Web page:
Look at that data below. You instantly know these four sets of data points are vastly different, and thus your expectations about what new data would look like are also different.
Yet, a computer might not notice what you are noticing. Many statistical features of these sets are equal – means of both x and y, variance, correlation between x andd y and also the linear regression (the blue line).
We have these beautiful example thanks to Francis Anscombe, who made them in 1973. Next to showing what outliers can do to your metrics, he wanted to demonstrate that one always needs to take a look at data and not blindly trust statistical algorithms.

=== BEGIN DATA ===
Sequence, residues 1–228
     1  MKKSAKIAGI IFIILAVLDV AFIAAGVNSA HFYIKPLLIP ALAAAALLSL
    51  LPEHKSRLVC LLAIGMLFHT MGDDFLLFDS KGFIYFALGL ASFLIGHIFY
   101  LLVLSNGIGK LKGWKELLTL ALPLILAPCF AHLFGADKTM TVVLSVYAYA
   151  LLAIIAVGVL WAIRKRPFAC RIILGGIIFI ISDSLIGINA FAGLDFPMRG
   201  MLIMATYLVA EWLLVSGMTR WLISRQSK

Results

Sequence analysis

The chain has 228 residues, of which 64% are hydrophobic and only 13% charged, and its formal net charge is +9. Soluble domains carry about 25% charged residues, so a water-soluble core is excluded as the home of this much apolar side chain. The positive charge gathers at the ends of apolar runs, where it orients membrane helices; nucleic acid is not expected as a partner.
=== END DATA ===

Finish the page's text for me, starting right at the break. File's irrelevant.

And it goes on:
Yet here we are in 2018, where statistical algorithms are much more pervasive than 45 years ago, and it is still important to inspect data with your own eyes. Data can have gaps or novel outliers. This holds epecially for live systems, where data comes in from other systems and many things can go wrong outside of our control.
When we take time to construct data-rich interfaces, we add actual safeguards to our applications. Making the UI appealing pleases the users, but it also makes it more likely that they will use it regularly. This, in turn, will make it more likely that they will detect problems in the data, which the algorithms are not trained for (yet), and tell us, so we can fix the problem.
It is worth the effort.